Methodology: The method used in this research is descriptive-analytical (qualitative). We also use the inferential methodology, along with utilizing the ability to understand the dynamics of the pragmatic foreign policy of the Islamic Republic of Iran in South Caucasian republics, as well as relying on the existing evidences and facts. Findings: for Iran the South Caucasus is both a source of opportunity and a source of the threat. From the perspective of the political elites, the South Caucasus is considered to be the continuation of the historical and cultural sphere of influence of Iran. Thus, even when developing Iranian foreign policy was slowed down by international sanctions due to the nuclear program, Tehran remained an important actor in the South Caucasus. Now, along with the continuation and strengthening of the pragmatism approach in foreign policy, JCPOA can, in addition to accelerating the process of normalization of Iran's relations with other countries, may have a significant impact on the regional role of Iran, the changing of the balance of regional power in favor of Tehran and improving its regional status, both economically and politically. However, Iran's policy towards the South Caucasus has been inherently pragmatic from the outset and has been shaped by practical politics, historical experiences, and balance-of-power calculations. Therefore, although Tehran may have religious aspirations and desires regarding this region, she can at the same time be able to recognize the limitations of its ability and external challenges, and therefore, her regional policy in the South Caucasus has relatively been Cautious and balanced.
The main goals and interests of Iran in the South Caucasus can be divided into four general categories. First, the decline in the influence of outside powers, in particular the European Union, NATO, the United States and the Zionist regime is seen as a security threat. Implementing this will reduces Iran's security concerns and gives Tehran more room to increase its cooperation with the three Republics of the region. First, although unlike Russia and Turkey, Iran is not a weapon dealer to the South Caucasian states, the mere use of Tehran's nuclear program can be viewed as a security threat for the countries of the region, which, of course, signing of the JCPOA and the endorsement of the international community of the peaceful enjoyment of Iran's nuclear capability will partly diminish such concerns in the future. Second, the continuation of the neutralization of possible security threats the instability in the South Caucasus, which could affect the northern borders of Iran. Third, to gain a better position through the expansion of political, cultural and economic relations with the republics of the region. Fourth, to determine a legal regime of the Caspian Sea corresponding to the fair share of Iran.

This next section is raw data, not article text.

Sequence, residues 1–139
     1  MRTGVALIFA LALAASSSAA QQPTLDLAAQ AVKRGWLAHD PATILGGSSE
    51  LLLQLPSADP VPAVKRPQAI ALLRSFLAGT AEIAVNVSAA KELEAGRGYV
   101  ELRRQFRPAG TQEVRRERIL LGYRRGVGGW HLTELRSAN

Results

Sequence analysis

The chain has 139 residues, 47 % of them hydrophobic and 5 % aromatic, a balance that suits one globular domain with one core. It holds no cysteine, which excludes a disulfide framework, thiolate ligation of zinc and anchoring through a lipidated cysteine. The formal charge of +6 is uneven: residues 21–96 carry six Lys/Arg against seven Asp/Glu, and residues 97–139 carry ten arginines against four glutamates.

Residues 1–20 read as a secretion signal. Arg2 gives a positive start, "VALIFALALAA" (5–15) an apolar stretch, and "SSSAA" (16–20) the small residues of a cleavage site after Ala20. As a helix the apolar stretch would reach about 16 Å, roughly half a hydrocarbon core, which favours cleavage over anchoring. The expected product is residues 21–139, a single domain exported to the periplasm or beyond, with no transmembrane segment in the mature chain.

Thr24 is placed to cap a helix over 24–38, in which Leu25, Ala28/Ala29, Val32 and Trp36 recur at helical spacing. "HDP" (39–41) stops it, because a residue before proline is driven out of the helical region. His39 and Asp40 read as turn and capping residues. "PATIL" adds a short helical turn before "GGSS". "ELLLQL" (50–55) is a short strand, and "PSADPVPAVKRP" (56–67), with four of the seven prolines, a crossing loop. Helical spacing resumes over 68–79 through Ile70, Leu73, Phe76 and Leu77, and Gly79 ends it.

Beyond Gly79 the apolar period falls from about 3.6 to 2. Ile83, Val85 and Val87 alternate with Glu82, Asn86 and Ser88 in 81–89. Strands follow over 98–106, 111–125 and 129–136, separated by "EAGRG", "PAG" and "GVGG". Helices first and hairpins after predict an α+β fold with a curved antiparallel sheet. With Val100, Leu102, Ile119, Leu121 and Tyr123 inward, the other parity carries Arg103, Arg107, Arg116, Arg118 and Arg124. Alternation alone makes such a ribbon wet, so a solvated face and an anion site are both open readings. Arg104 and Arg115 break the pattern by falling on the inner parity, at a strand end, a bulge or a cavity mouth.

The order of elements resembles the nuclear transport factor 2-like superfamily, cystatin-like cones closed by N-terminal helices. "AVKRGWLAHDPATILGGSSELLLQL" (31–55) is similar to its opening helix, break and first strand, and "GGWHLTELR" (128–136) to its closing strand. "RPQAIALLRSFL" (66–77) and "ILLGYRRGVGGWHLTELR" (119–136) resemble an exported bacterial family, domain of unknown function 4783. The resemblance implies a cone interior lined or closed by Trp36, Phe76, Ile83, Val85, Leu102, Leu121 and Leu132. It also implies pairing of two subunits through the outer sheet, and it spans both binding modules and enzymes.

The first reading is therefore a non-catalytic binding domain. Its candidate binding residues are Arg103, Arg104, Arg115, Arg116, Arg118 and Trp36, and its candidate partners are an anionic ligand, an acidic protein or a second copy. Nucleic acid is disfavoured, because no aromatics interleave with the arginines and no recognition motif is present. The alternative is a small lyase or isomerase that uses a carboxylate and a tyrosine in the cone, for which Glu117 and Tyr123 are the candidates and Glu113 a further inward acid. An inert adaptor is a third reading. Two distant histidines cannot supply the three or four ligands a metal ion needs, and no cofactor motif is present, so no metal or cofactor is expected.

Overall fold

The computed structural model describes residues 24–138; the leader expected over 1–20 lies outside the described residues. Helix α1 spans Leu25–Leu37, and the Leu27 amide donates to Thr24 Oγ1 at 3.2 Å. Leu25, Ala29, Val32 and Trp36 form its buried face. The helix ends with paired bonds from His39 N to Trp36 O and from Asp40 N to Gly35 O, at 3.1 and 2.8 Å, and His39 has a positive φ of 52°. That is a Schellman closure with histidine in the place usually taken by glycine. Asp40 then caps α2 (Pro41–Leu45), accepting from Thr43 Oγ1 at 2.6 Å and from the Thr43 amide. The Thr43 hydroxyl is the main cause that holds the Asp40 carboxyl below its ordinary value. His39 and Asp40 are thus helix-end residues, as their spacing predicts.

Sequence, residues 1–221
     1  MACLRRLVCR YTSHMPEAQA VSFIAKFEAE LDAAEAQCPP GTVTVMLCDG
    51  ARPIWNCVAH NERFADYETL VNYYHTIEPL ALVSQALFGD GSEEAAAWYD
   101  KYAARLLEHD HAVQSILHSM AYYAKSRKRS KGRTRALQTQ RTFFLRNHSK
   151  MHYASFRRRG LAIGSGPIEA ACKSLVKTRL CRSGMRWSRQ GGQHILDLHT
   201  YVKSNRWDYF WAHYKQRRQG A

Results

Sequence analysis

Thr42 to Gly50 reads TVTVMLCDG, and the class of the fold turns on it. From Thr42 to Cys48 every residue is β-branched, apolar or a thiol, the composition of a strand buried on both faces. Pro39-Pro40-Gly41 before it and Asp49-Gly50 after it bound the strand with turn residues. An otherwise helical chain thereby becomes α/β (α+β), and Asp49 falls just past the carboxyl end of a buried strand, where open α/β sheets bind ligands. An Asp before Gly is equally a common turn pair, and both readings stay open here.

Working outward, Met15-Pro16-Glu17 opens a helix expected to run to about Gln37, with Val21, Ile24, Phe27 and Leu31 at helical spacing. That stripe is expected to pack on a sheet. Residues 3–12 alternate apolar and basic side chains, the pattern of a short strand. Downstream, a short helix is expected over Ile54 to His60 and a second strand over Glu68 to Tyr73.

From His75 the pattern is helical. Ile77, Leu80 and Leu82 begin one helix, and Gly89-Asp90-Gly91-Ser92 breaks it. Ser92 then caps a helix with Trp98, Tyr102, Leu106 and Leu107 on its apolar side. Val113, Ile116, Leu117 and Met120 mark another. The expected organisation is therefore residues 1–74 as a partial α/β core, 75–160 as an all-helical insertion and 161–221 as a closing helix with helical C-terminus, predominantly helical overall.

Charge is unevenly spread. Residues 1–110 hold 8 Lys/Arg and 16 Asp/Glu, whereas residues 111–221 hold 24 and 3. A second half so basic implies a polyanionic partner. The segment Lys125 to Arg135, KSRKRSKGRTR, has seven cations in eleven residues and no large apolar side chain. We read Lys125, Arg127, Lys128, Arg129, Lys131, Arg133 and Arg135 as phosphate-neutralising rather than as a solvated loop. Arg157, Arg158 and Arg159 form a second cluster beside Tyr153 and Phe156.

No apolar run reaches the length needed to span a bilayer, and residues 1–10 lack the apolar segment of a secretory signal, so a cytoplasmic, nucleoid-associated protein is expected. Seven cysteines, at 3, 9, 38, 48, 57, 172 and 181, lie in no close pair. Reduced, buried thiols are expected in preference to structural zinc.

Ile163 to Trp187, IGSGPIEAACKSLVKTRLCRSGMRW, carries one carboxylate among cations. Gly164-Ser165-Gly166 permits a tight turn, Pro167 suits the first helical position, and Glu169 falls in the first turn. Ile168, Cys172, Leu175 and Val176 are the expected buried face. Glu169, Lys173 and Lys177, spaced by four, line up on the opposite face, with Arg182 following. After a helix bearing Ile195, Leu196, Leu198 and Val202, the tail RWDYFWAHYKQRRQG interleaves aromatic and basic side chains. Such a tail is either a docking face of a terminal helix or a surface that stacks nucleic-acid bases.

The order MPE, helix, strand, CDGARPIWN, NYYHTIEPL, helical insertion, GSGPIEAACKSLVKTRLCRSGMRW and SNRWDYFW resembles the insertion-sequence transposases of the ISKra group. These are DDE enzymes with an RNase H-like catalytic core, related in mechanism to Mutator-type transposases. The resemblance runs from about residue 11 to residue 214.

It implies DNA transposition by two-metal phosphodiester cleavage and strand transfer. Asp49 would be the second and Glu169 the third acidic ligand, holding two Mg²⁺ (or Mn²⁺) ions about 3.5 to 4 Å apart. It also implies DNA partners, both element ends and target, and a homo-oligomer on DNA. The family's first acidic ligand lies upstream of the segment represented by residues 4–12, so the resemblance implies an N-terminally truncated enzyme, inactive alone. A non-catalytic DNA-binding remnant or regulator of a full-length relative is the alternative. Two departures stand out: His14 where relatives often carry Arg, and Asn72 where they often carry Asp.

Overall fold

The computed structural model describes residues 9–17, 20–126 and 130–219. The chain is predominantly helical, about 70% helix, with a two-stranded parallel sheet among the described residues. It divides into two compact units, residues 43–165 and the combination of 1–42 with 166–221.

Finally, the findings show that the lifting of international sanctions against Iran and normalization of the west-Iran relations changes the balance of power in the South Caucasus in favor of Iran and challenges the other regional powers including Turkey, Saudi Arabia, Russia and the occupier regime of Israel. To benefit from returning to South Caucasus in the post- JCPOA Era, Tehran needs to take advantage of a Strategic policy-making based on pragmatic approaches. The most efficient way of increasing power and presence of the Islamic Republic of Iran in the region and the world is to adopt a pragmatic foreign policy with features such as refraining from unproductive confrontation, de-ideologizing relations with other states, tactical flexibility, prioritizing objective interests over subjective interests.